I’ve tried many things to run an editorial calendar for my site, from paying for services to writing it all down to paying for services that provide editorial calendars. Ultimately, nothing has been quite right…until maybe now?

Today I’m going to walk you through the editorial calendar I’ve set up in Notion. It’s not perfect, especially no iPad, but it’s pretty good and been rocking along for a few months now.

Building My Notion Editorial Calendar

I started with the base Content Calendar option that Notion provides when you create a new page.

From there I use three main views. First off is the standard calendar view they provide which puts my content on a calendar based on when it’s scheduled. I use scheduled as the date that the post is planned to go live on my site. Here we actually have our first failing of Notion on iPadOS, you can’t see the posts on the calendar view like you can on macOS in a browser.

This means I have to click into a date, check the status of some content, and then step back out of the date and do the same thing to the next date I want to look at. Occasionally I’ve had macOS on my 4K display and used that as a status board I reference as I’m scheduling content, while doing all the work on my iPad. While this works, I want to use my 4K display as a monitor for my iPad, not a status board[^I could resolve this with some other monitor computer combo, like a cheap old desktop and a monitor I have in a drawer with it always showing my content calendar. But seriously this is a terrible hack and buying a whole computer to display a calendar seems wasteful.].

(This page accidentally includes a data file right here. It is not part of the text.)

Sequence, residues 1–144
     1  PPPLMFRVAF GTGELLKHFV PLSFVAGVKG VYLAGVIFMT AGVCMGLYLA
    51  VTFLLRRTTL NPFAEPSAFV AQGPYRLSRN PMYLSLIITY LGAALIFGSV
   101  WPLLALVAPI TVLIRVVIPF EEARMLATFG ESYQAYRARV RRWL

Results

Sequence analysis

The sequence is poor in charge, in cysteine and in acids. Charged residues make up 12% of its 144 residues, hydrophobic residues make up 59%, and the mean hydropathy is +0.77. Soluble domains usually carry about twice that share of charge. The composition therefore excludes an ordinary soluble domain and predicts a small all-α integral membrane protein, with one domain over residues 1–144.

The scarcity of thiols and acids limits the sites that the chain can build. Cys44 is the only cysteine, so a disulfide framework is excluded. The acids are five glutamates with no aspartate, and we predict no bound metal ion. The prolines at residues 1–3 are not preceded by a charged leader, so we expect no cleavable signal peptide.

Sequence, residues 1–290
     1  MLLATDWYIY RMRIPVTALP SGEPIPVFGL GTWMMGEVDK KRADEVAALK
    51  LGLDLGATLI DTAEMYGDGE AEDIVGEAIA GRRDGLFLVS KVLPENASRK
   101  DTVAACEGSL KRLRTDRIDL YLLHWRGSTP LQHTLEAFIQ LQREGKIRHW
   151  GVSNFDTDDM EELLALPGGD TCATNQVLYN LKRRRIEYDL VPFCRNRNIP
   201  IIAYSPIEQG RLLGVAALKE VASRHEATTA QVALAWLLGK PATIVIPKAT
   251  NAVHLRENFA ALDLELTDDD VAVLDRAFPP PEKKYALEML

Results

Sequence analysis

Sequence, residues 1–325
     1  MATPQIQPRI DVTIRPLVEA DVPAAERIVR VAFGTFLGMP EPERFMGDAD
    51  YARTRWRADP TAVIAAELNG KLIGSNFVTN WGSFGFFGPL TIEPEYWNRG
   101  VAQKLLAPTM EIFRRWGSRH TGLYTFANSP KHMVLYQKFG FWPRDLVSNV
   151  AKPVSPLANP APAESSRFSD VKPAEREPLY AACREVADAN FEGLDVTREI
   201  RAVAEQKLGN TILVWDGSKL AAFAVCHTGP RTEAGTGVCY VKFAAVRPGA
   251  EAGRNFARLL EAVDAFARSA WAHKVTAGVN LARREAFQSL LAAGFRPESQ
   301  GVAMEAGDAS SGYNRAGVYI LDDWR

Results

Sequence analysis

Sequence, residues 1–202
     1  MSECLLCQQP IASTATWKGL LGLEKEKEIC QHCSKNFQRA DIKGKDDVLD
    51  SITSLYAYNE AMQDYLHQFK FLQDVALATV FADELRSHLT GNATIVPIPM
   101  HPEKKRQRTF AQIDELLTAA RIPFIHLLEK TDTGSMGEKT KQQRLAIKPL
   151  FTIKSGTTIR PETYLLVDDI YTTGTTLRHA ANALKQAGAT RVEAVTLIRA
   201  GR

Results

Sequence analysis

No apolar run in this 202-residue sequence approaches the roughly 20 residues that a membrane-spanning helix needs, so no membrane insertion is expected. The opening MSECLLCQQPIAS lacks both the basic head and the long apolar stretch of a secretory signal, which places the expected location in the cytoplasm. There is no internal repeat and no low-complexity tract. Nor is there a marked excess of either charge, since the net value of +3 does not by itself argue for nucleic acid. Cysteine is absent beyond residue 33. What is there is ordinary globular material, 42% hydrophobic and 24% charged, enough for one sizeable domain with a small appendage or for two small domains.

My second calendar view keys into a field that I added to each entry in Notion that corresponds to the recording date.

Again, the calendar view on iPadOS is terrible as it only shows a dot and not the full entry, despite there being plenty of room to show the entire view. Now since I record on the same day all the time, this isn’t quite so bad. As the day approaches I can simply look at the day in Notion and all of the items that need to be recorded are listed. When something is recorded I clear the date from the entry and it disappears from the calendar view.

The extra view was accomplished by adding a new view and then changing the Calendar By property to the new field I added and labelled Record On.

The two views we’ve talked about so far are not the ones I mostly work in though. I spend most of my time working with my editorial calendar in Notion looking at the status board view. This is a default view in the content calendar template provided by Notion, though I’ve added a few items to their Kanban columns.

In typically Kanban fashion, I have a column to represent each stage of work. You can see my columns listed below.

  1. Idea
  2. Up Next
  3. Write
  4. Record
  5. In Progress
  6. Completed

Everything starts with an Idea. They may have links in them to some other video or blog post that I want to use as a basis for my content, or it may be a link to a product. Each entry is also filed by type in an effort to not only do one type of content all the time, though I admit that I don’t stick too hard to that and mostly do what interests me.

Up Next is for content that I’ve already got on the calendar scheduled for publishing. It’s stuff I’m most interested in, or maybe have some form of progress on, like a fairly well outlined script for.